APPLE: Our challenge is getting the volumes. I mean, you look up and down this lumber aisle, there's a lot of lumber in this aisle. So, we have an enormous demand for wood. If a supplier can supply Seattle or Portland or Reno, then we're putting them in those markets and making that product available, and promoting it in our advertising.

HOFFMAN: Getting big timber to change gears quickly won't be easy. But Home Depot's competitors are responding. In November, do-it-yourself chain Home Base announced its own commitment to sustainable forestry. So have furniture retailers Wickes and Ikea. Recently, Centex and Kaufman & Broad, two of the country's largest home builders, said they would review their wood buying practices. Collectively, these companies purchase billions of dollars worth of lumber each year. The move stemmed from a combination of altruism and self-interest. Suzanne Apple.

APPLE: We're talking about the sustainability of the environment, but we're also talking about sustainability of our business. If forest practices don't change, and we aren't sustainably harvesting wood, then how are we going to have lumber and wood doors? I mean, if you walk our store, you see there's wood in every aisle, just about. How do we make sure that we have wood for generations to come? The wood is a renewable resource, so we need to be renewing it.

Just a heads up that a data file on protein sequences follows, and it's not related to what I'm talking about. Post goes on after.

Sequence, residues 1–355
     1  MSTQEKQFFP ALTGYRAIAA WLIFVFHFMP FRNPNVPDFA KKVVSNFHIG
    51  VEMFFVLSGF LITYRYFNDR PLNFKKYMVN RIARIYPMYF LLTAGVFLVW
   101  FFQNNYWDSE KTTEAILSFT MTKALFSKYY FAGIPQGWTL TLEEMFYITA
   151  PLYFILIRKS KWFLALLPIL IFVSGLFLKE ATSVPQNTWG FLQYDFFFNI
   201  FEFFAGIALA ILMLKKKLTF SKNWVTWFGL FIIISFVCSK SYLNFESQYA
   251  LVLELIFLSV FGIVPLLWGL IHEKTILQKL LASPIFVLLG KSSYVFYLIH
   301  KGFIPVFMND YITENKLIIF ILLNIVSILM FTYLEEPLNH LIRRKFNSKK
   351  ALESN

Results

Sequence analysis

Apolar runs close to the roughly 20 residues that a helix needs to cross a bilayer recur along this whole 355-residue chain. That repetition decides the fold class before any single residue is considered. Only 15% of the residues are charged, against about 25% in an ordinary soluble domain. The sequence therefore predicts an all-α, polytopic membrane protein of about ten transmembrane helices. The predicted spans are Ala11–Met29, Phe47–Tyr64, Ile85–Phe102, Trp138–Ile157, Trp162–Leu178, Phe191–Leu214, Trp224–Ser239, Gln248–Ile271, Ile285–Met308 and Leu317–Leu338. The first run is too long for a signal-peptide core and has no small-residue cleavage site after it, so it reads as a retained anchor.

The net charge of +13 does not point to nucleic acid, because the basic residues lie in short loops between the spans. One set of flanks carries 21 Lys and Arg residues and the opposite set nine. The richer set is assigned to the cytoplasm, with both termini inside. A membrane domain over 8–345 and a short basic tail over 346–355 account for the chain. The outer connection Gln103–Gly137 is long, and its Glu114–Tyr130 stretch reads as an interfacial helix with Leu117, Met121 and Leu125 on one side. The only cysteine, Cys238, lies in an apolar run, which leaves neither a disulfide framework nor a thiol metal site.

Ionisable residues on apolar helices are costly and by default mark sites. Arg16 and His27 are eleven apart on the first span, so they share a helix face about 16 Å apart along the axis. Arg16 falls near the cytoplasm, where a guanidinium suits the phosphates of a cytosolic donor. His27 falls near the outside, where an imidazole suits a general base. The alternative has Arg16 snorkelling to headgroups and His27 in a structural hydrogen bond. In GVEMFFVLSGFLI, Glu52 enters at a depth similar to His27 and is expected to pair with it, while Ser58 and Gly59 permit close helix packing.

HOFFMAN: For now, the company isn't charging more for certified wood. In fact, she says Home Depot will absorb the slightly higher cost.

APPLE: We want to help create the market for this product, and we don't want the consumers to have to pay a premium. And we think if we can create the market and demand, then the pricing will balance out, because we'll have the supply.

(Beeps)

MAN: Who's the guy in charge?

MAN 2: Nobody's in charge, but --

MAN: Okay, then, who's calling the shots?

MAN 2: You can talk to me. Everybody calls their own shots; if you need to talk to me, you can talk to me.